The President of University College Cork (UCC), Professor Patrick O'Shea has vowed that UCC will “continue to combat racism in our community and beyond”.
In a message of solidarity with the black and minority ethnic community issued on Friday, Professor O’Shea said that he was saddened and angered by the violence against George Floyd and other people of colour that has been witnessed.
“I know that members of our UCC community share these sentiments and frustrations. These events have, once again, brought our attention to structures that create and preserve racism. We are committed to dismantling and transforming them. We are not perfect, but we are driven in our resolve to work together, as a community, on these issues,” the UCC President said.
Professor O’Shea said that UCC is committed to advancing equality, diversity and inclusion amongst its staff and students, and that its Race Equality Forum is working to address the concerns of the University’s black and minority ethnic students and staff.
“We will continue to combat racism in our community and beyond. We hope that through engagement with this forum, we can work towards delivering parity and inclusion for our black and minority ethnic students and staff, and empower those within our community who are not subject to racial or ethnic inequality to become better allies,” he said.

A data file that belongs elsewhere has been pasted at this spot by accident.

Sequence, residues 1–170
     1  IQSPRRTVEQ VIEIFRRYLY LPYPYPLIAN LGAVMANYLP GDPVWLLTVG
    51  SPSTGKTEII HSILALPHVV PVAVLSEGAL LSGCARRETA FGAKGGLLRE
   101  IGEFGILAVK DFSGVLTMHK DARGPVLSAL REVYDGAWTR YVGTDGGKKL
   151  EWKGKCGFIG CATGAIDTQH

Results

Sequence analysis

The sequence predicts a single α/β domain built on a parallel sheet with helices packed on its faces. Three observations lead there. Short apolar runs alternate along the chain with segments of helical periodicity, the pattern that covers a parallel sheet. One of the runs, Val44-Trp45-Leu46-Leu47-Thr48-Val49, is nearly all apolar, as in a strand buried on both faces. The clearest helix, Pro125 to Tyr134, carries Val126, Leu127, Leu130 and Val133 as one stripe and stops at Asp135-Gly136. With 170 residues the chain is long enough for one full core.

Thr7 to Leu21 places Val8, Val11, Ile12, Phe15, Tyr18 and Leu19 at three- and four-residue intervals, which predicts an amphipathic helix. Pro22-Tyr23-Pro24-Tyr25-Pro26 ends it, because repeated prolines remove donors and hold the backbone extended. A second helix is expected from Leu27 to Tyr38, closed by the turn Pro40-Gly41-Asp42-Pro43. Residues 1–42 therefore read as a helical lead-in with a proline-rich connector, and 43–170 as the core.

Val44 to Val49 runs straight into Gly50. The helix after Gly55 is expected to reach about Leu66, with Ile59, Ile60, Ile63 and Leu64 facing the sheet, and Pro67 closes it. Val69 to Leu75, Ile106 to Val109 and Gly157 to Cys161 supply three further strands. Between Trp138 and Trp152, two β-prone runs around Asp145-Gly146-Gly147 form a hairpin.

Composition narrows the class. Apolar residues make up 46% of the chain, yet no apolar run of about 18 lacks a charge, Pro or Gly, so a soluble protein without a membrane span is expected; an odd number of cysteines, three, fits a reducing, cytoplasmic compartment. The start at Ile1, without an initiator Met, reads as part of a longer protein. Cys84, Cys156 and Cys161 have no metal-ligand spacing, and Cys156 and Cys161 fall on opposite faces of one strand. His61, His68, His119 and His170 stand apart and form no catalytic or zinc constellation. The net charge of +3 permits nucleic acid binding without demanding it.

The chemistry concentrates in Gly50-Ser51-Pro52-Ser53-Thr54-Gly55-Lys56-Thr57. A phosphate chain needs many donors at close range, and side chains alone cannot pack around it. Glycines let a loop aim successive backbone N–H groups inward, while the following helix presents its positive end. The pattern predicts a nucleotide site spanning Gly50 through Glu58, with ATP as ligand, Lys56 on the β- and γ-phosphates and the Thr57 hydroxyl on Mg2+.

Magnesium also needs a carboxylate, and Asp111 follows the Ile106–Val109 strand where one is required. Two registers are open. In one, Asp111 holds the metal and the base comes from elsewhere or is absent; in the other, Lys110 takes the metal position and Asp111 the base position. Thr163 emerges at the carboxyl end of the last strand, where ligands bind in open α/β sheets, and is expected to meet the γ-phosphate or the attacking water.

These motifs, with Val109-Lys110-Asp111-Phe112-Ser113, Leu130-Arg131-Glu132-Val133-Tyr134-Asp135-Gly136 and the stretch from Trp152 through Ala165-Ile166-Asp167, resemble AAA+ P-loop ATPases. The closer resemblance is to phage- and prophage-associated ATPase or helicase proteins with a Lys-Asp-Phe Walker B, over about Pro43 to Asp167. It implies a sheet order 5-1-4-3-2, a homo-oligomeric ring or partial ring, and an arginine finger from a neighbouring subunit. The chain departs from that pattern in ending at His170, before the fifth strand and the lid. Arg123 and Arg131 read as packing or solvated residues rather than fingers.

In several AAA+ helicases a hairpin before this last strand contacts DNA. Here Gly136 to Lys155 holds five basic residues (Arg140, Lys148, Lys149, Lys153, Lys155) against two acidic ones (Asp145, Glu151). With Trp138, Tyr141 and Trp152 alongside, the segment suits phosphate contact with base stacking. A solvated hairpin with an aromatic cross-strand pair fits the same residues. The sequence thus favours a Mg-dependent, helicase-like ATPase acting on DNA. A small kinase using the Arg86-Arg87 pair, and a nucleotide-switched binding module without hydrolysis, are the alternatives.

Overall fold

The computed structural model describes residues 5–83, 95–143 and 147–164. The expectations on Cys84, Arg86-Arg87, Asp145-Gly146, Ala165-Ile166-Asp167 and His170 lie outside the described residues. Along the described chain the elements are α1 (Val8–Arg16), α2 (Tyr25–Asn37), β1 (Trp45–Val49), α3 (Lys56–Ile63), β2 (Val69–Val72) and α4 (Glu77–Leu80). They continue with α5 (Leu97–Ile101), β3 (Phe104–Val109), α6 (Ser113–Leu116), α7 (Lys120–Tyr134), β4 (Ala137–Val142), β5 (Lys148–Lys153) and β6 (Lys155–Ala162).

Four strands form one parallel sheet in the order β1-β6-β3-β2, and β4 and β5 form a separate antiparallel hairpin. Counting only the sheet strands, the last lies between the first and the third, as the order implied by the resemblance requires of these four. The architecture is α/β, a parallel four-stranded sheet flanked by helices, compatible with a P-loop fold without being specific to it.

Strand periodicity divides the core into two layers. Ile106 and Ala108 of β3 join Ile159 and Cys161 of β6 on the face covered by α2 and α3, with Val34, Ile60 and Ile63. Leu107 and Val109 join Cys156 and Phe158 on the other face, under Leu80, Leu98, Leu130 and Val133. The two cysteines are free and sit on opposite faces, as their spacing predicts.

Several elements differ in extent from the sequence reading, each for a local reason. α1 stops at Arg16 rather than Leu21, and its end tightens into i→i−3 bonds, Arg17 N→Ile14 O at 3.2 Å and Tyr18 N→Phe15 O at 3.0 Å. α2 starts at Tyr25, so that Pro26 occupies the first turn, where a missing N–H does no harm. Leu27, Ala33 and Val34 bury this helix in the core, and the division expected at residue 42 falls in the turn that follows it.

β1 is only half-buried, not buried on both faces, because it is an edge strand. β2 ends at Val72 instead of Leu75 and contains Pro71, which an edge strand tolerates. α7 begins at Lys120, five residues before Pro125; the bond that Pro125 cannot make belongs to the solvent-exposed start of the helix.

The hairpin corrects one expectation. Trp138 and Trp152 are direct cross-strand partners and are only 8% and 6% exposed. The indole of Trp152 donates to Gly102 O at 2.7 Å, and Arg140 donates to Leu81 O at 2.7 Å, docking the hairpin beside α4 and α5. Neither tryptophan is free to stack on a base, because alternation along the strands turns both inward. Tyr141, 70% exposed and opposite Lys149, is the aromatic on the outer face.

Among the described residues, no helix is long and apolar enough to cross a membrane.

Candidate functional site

“We must not, we cannot, we will not let these ignorant and dangerous prejudices, and the hatred, racism and violence that stem from them block our path of progress,” he added.
The UCC President added: "Equality, diversity and inclusion are at the cornerstone of UCC’s values. Support for diversity is not just a good idea; it is an essential idea. Diversity nurtures the fertile fields in which great ideas grow. Therefore, we rededicate ourselves to support those who experience prejudice, hatred and violence in their daily lives. It is time to have these difficult conversations and listen carefully to words that may leave us uncomfortable."
Earlier on Friday, a number of people marched on Patrick Street in a Black Lives Matter protest.
The unofficial march followed the cancellation of an organised Black Lives Matter protest during the week.